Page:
The folks over at Media Matters are blogging today about a new report that shows a troubling trend in the press:
When newspapers print the term “job killer” to describe a policy (for instance, on taxes, labor, and environmental regulations), 91.6 percent of the time they allow the claim to be made without any evidence or an authoritative source with any evidence.
Two university professors printed their findings in a report, based on nearly three decades of research on four major sources: The Wall Street Journal, The Washington Post, The New York Times, and the Associated Press.
From the report:
In 91.6% (349 of 381) news reports analyzed, news organizations provided no evidence to support the "job killer" claim. (See Figure 7.) Even in the 8.4% (32 of 381) of the stories in which some evidence was supplied, it's not clear whether or not journalists investigated the veracity of the evidence cited.
Similarly, in only 6.8% (26) of the 381 stories did reporters provide an alternative claim. In most issues, there are at least two sides to a story. In the case of "job killer" allegations news organizations typically report only one side. Even in the stories that carried alternative claims -- in other words, that reported that some organization or expert challenged the "job killer" allegation -- reporters provided evidence to back up challenges to the "job killer" claim in only 8 stories. Thus, in 18 of the 26 alternative claim cases, there was just a competing claim with no supporting evidence.
The impact isn’t lost on the report’s authors, who quote Republican pollster and strategist Frank Lutz as saying: “…there’s a simple rule: You say it again, and you say it again, and you say it again…and about the time that you’re absolutely sick of saying it is about the time that your target audience has heard it for the first time.”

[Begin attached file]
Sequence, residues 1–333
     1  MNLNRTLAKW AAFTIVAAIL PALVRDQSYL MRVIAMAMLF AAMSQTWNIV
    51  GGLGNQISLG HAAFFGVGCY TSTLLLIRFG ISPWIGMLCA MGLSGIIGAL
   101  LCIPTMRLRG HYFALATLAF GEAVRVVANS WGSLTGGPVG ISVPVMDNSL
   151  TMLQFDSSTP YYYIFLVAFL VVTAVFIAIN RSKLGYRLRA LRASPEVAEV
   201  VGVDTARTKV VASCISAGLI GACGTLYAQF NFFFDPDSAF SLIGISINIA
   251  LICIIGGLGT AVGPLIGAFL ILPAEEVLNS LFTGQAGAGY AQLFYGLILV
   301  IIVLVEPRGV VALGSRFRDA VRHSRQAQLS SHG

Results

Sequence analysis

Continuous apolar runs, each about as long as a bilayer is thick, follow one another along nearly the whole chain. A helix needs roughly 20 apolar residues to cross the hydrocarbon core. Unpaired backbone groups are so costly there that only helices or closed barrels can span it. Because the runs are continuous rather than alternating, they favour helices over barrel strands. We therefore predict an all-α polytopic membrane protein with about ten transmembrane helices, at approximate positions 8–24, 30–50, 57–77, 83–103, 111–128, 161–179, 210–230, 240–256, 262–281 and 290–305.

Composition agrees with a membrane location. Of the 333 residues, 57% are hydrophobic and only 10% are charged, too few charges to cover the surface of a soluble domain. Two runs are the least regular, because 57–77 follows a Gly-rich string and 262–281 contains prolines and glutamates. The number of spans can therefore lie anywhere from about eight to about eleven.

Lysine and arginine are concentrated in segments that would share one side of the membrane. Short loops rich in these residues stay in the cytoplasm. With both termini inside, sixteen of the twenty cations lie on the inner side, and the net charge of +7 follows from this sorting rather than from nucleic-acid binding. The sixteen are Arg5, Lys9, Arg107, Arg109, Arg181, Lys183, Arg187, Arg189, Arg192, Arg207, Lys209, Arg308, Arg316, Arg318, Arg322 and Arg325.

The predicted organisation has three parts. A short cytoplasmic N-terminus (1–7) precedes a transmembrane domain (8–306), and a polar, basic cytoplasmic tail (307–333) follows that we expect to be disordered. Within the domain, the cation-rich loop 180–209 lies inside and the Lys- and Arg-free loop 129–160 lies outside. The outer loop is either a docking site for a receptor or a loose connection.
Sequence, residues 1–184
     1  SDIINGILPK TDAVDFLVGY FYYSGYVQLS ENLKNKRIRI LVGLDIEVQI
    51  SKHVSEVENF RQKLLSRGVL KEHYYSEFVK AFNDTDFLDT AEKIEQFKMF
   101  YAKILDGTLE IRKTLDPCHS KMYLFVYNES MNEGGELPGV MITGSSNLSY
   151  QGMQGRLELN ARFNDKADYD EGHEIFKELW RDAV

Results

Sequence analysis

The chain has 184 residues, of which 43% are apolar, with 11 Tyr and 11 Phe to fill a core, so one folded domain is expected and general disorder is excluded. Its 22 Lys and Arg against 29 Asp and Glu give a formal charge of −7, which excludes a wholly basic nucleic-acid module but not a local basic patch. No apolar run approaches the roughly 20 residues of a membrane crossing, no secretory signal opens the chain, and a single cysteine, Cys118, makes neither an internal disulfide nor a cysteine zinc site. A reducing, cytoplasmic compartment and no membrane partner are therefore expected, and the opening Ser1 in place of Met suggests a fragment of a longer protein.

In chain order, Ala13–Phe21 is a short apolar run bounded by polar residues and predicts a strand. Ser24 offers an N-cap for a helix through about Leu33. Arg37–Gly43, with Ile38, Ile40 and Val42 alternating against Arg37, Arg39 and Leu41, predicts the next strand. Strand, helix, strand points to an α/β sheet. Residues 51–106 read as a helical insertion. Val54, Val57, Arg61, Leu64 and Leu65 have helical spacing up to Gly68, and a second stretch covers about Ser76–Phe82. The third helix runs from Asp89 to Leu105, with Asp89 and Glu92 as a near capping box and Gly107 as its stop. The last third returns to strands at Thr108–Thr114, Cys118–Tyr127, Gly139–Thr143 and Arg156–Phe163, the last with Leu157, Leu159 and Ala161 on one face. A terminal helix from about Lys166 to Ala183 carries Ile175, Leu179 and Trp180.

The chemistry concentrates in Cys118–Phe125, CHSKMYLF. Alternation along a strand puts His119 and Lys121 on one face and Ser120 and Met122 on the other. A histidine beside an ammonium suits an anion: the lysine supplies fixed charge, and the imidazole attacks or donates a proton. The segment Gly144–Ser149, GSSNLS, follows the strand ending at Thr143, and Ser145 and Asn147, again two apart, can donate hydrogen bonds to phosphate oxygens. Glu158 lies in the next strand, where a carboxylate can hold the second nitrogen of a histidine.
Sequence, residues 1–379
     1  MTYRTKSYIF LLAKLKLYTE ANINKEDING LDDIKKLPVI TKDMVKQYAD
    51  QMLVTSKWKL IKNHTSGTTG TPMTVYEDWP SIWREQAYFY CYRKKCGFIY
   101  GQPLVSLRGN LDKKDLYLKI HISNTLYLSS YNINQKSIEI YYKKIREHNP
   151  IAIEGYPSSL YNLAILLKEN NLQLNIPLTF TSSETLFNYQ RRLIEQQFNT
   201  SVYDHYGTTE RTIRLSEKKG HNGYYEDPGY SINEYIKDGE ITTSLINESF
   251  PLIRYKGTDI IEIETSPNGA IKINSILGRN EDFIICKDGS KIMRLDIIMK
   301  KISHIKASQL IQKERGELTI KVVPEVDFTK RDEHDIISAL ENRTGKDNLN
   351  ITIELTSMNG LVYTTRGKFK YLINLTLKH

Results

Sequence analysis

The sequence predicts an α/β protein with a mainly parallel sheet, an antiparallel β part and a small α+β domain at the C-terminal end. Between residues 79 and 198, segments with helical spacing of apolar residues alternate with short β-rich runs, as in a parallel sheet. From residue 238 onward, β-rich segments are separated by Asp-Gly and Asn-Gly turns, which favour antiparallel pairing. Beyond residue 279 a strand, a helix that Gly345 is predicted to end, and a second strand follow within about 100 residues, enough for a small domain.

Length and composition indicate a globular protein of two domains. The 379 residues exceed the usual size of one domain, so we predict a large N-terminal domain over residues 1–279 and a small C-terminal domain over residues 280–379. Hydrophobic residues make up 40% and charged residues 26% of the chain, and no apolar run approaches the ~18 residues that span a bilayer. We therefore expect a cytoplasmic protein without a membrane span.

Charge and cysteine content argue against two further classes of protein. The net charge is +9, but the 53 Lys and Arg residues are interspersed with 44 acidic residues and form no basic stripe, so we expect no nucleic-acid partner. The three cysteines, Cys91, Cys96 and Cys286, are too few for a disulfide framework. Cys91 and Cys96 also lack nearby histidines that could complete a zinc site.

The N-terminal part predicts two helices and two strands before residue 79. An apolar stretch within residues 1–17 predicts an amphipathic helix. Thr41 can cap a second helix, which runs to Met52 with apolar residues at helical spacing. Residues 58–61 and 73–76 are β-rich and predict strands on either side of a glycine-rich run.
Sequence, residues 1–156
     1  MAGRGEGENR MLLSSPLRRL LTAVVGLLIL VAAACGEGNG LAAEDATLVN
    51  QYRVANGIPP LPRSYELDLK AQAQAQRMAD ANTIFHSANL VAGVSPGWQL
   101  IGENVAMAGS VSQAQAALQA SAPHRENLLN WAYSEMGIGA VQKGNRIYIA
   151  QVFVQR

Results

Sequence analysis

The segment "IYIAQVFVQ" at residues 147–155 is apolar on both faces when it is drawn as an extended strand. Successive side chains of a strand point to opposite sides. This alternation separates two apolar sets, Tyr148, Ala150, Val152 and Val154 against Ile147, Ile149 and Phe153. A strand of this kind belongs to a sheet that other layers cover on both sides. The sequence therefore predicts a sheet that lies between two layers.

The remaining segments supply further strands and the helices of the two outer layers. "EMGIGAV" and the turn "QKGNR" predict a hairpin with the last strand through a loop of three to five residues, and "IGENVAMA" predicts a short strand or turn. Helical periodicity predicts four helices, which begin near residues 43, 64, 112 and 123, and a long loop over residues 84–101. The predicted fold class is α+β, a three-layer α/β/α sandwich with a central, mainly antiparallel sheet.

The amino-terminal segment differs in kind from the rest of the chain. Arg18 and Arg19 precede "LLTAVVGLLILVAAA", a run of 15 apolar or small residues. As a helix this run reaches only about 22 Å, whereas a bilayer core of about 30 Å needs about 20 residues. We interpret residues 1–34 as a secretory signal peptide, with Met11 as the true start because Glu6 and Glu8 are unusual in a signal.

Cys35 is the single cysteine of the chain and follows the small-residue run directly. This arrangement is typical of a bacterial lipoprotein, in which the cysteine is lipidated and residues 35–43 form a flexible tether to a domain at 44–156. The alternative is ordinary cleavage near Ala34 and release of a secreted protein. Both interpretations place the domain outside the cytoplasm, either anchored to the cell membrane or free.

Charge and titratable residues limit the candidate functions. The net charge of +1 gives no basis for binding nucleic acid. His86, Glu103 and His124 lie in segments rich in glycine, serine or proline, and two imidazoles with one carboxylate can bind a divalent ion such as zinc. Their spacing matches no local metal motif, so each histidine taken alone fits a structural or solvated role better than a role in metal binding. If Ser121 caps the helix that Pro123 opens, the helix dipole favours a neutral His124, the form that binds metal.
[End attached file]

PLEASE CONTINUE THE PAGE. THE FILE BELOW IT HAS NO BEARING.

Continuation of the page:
In short, the authors wrote, “The news media, by failing to seek to verify allegations made about government policies and proposals, typically act more like a transmission belt for business, Republican, and conservative sources than an objective seeker of truth when it comes to the term ‘job killer.’”
Here’s what caught our interest: Just two years ago, there was an anti-tax campaign here in Oregon called “Oregonians Against Job-Killing Taxes.” It was the campaign run by corporate lobbyist Mark Nelson to defeat Measures 66 and 67.
One of their main tenets was that the tax measures would cost the state 70,000 jobs, which they backed up with a study by the corporate think tank Cascade Policy Institute. This claim was thoroughly debunked by actual economists, but it was mentioned often in the press throughout the campaign. In fact, every time the No campaign was mentioned, the “job-killing” claim was repeated through its name.
Because the measures passed, we actually have the opportunity to judge whether the “job killing” claim was accurate.
The answer, in short, is: Not even close. Between 2009 (when the tax increases went into effect) and 2011, we not only didn’t lose 70,000 jobs, we gained more than 18,000. In fact, that number would be closer to 24,000, except that we’ve lost thousands of public sector jobs in education and local government due to budget cuts. (Source: qualityinfo.org)
In fact, Oregon now has the second-fastest growing Gross State Product in the nation. So much for “job-killing.”
The only recent Oregon policy that can accurately be described as “job killing” are the budget cuts that have led to mass layoffs of teachers and other public employees. These job losses are slowing our economic recovery, particularly in rural parts of the state where public employment plays a much larger role in the local economy.
Now we’re wondering: Will these basic facts cause the local media to stop repeating “job-killing” claims without evidence?